I have a large collection of time series - measurements taken every 15 minutes (96 measurements in a day) over the span of 1 year at various different locations.
I've broken up each time series into 365 separate smaller time series, 1 for each day of the year. Looking at these time series, there are certainly many distinct shapes for a single day. Some look sinusoidal, some are constant, some look like a random stochastic process, some look parabolic, and some look like U's.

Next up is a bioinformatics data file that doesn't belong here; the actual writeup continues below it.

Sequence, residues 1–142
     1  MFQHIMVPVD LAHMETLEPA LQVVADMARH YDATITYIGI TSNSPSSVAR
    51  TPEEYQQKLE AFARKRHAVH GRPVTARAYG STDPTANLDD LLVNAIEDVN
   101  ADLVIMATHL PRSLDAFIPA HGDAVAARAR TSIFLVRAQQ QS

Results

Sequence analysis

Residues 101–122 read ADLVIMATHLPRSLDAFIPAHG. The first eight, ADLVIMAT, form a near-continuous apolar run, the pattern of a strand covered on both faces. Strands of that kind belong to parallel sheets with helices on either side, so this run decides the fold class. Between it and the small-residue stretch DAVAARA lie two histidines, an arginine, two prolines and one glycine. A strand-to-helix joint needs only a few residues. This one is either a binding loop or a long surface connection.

What I would like to do is use an algorithm that can find these common shapes. I thought about clustering, and using the cluster centroids to define common shapes, but wanted to check with the community if this is right. So far, I've looked at Dynamic Time Warp as a metric, but it seems like that metric requires a lot of computation. I've also found
I also saw Is it possible to do time-series clustering based on curve shape? but this question was from 2010 and might be outdated.
Another idea I had was to take eigendecompositions of matrices that were formatted as:
Matrix $M_i$ is a matrix of all time series observed on day $i$. Every row of matrix $M_i$ is a time series of length 96. Then, I would do 365 eigendecompositions, and use the eigenvectors as common shapes. Does this sound reasonable?